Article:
Rid your house of bugs, moles
Published 5:46 pm Saturday, November 24, 2007
Last week we discussed how to attract desirable wildlife to your home, this week I will address how to get them away. These two local creatures have received a lot of attention lately and we have received numerous calls about each. So let’s briefly address them both.
Q. Why have there been so many lady bugs around, are they good or bad?
The recent cold weather has probably helped suppress these until spring but here are some things to consider. Too some people lady bugs are a nuisance, but this small commonly red and black spotted bug has numerous benefits especially to gardeners and poses no threat to plants or people. This year we had high reports of aphids and others garden pest, which has resulted in a large crop of lady bugs. The only downside to the Asian lady beetle is it often looks for places to overwinter until the spring and a favorite place to do this is in attics and homes. It is not a problem now but when temperatures warm up in the spring and they begin to leave, some may end up inside your home as opposed to outside. Therefore if you had large amounts of lady bugs around your house be thankful they are helping your plants but check and be sure you do not have excessive openings leading up into your attics or you could have some unwelcomed guest in the spring, I know I had many last spring.
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Q. Why do I have so many moles in my yard?
Moles are little furry creatures with beak- like noses, small eyes, no visible ears, and paddle like feet with claws. They are usually most active in the spring but we have been receiving numerous calls about them this fall. Moles rarely eat roots or plants, however, their tunneling does cause damage to the root structure of your lawn. Their diet consists primarily of earthworms, beetles, grubs and other insect larvae. Therefore they may remain in a lawn until all available food is eaten and then move on. There are a few options for controlling moles.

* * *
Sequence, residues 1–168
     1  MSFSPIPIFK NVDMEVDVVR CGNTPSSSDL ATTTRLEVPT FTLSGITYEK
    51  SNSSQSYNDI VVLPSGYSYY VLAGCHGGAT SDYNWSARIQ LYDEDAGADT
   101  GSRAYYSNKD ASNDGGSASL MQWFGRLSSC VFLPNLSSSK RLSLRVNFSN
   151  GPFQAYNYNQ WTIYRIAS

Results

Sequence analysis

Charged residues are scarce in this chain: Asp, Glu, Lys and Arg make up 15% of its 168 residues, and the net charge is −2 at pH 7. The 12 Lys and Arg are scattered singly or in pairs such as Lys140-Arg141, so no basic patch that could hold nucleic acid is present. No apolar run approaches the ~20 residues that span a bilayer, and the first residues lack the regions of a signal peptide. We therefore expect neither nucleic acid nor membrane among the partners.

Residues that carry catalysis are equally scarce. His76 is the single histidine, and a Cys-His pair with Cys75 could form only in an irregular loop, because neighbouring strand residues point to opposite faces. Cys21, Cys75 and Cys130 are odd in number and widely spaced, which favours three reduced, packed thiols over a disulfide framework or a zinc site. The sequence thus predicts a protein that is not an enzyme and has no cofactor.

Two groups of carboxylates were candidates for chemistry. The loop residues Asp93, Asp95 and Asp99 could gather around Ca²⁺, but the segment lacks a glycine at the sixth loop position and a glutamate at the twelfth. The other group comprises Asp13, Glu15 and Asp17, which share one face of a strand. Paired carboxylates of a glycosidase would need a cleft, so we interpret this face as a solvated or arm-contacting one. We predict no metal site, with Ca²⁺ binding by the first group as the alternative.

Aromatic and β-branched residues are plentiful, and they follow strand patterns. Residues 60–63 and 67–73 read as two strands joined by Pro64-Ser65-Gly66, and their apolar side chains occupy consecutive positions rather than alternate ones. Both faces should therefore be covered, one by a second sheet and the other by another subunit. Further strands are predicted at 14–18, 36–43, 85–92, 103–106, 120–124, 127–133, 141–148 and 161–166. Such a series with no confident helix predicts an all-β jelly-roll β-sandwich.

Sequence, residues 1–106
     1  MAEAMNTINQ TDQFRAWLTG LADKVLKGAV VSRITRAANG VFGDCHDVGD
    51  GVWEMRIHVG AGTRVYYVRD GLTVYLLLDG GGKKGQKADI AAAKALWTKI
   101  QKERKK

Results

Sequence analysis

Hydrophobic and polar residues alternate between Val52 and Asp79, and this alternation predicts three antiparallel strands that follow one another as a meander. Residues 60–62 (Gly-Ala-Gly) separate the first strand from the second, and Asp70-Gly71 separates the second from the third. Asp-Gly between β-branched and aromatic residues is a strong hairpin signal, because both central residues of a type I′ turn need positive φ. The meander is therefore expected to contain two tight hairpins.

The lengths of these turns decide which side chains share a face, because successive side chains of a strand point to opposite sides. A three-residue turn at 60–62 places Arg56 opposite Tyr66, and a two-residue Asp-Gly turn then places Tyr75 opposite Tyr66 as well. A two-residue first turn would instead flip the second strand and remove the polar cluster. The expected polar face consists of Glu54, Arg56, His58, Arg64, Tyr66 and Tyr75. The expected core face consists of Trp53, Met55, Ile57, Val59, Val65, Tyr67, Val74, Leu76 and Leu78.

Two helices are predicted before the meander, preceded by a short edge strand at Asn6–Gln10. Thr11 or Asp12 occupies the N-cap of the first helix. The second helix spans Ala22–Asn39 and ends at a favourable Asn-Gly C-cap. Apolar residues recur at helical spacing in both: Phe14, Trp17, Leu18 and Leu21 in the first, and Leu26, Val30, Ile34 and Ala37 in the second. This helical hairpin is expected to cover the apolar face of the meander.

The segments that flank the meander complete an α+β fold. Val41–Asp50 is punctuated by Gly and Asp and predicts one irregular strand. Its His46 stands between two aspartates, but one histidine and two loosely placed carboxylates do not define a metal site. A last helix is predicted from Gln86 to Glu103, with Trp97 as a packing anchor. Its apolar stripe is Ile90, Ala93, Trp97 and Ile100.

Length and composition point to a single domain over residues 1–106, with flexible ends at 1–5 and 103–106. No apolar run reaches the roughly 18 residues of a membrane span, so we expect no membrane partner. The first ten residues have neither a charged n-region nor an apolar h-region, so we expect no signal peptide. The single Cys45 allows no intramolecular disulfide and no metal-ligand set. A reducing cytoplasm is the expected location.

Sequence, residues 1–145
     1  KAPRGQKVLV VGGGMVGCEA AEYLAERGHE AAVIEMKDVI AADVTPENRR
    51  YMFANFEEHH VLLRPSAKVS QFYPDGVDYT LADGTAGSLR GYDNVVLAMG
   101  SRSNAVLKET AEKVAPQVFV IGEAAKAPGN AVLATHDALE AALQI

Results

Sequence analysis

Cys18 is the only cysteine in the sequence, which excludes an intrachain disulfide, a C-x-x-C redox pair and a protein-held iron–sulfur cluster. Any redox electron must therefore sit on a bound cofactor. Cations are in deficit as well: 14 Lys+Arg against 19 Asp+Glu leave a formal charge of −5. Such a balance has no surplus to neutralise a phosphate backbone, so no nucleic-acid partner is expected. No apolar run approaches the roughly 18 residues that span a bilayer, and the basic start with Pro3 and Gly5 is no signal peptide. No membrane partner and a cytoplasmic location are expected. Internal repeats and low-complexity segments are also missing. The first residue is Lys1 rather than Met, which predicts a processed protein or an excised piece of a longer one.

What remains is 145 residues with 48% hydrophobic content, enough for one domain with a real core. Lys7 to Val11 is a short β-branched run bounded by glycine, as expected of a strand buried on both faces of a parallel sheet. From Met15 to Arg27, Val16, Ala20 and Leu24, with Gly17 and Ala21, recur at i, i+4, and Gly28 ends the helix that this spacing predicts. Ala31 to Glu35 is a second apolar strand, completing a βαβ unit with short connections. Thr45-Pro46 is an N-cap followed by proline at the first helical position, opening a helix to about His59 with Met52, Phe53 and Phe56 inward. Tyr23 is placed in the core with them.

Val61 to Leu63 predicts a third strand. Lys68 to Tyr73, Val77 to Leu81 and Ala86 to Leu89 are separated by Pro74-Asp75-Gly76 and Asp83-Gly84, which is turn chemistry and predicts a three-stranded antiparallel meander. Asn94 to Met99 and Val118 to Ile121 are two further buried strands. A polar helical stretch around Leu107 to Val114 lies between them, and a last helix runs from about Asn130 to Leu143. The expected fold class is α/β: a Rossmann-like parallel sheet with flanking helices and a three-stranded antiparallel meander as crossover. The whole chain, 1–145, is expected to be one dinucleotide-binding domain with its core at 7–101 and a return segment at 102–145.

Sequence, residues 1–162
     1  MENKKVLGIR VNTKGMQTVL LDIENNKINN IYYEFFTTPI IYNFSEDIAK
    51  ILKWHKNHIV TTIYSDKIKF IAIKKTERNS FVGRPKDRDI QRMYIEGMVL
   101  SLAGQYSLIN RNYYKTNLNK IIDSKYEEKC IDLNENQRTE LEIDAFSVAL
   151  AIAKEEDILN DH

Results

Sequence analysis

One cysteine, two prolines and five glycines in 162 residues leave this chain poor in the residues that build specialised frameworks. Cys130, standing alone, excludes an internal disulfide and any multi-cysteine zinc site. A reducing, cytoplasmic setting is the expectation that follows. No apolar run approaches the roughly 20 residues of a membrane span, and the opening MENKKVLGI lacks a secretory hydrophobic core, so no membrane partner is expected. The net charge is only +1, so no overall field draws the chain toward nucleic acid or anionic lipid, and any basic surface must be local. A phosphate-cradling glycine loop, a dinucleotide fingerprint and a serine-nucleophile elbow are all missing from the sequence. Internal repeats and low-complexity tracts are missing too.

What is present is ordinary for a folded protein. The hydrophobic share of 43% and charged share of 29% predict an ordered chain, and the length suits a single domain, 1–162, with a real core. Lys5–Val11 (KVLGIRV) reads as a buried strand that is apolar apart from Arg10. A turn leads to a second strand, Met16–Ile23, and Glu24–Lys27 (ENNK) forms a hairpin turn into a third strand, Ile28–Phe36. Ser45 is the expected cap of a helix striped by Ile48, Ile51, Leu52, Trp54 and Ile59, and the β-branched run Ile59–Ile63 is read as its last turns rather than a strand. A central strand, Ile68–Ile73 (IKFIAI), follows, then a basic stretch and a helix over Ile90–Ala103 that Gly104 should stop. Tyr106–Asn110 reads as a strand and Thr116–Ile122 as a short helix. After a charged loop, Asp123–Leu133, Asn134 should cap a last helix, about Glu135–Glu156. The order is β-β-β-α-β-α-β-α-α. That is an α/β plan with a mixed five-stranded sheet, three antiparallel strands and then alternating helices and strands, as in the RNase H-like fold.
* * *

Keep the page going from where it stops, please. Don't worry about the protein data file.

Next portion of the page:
First it is important to find which tunnels are most frequently travelled. Simply go out in the evening and step on several different areas of the tunnels, depressing the tunnel flat to the ground with your foot. Then, in the morning check to see if any of them have been raised, if so, then you know where to try methods of removal.
The most effective way to control moles is by trapping (harpoon traps are the most common trap). Set the trap on top of the tunnel where the mole is traveling, you can put earthworms under the trap to help attract them.
Let the trap sit a few days, if no mole is caught then move the trap to another location.
The second method is to inject specific products into the hole to control them. There are several gel baits to use that are quite simple, you inject the product into the tunnels and when the moles go through the tunnel the ingredient gets on their feet and face, when they lick it off it works as a anti-coagulant which controls future problems.
Be cautious with pets because some of these products are harmful if ingested by dogs or cats, please be sure to read the label on any product you purchase.
David Carter is the director of the Adams County Extension Service.